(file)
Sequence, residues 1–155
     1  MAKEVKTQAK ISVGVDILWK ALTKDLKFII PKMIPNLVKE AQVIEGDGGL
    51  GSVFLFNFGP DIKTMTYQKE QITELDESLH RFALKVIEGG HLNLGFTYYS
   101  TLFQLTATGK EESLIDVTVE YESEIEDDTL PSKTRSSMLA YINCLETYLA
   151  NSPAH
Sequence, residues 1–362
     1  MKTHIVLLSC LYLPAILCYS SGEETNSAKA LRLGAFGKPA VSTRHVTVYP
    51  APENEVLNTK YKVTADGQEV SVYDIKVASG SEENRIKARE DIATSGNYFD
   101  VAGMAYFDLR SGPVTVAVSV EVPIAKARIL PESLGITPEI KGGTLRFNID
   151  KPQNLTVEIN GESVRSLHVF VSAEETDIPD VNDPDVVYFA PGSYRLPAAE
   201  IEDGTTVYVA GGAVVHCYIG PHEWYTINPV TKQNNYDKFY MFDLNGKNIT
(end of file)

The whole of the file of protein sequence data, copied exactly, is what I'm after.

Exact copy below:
Sequence, residues 1–155
     1  MAKEVKTQAK ISVGVDILWK ALTKDLKFII PKMIPNLVKE AQVIEGDGGL
    51  GSVFLFNFGP DIKTMTYQKE QITELDESLH RFALKVIEGG HLNLGFTYYS
   101  TLFQLTATGK EESLIDVTVE YESEIEDDTL PSKTRSSMLA YINCLETYLA
   151  NSPAH
Sequence, residues 1–362
     1  MKTHIVLLSC LYLPAILCYS SGEETNSAKA LRLGAFGKPA VSTRHVTVYP
    51  APENEVLNTK YKVTADGQEV SVYDIKVASG SEENRIKARE DIATSGNYFD
   101  VAGMAYFDLR SGPVTVAVSV EVPIAKARIL PESLGITPEI KGGTLRFNID
   151  KPQNLTVEIN GESVRSLHVF VSAEETDIPD VNDPDVVYFA PGSYRLPAAE
   201  IEDGTTVYVA GGAVVHCYIG PHEWYTINPV TKQNNYDKFY MFDLNGKNIT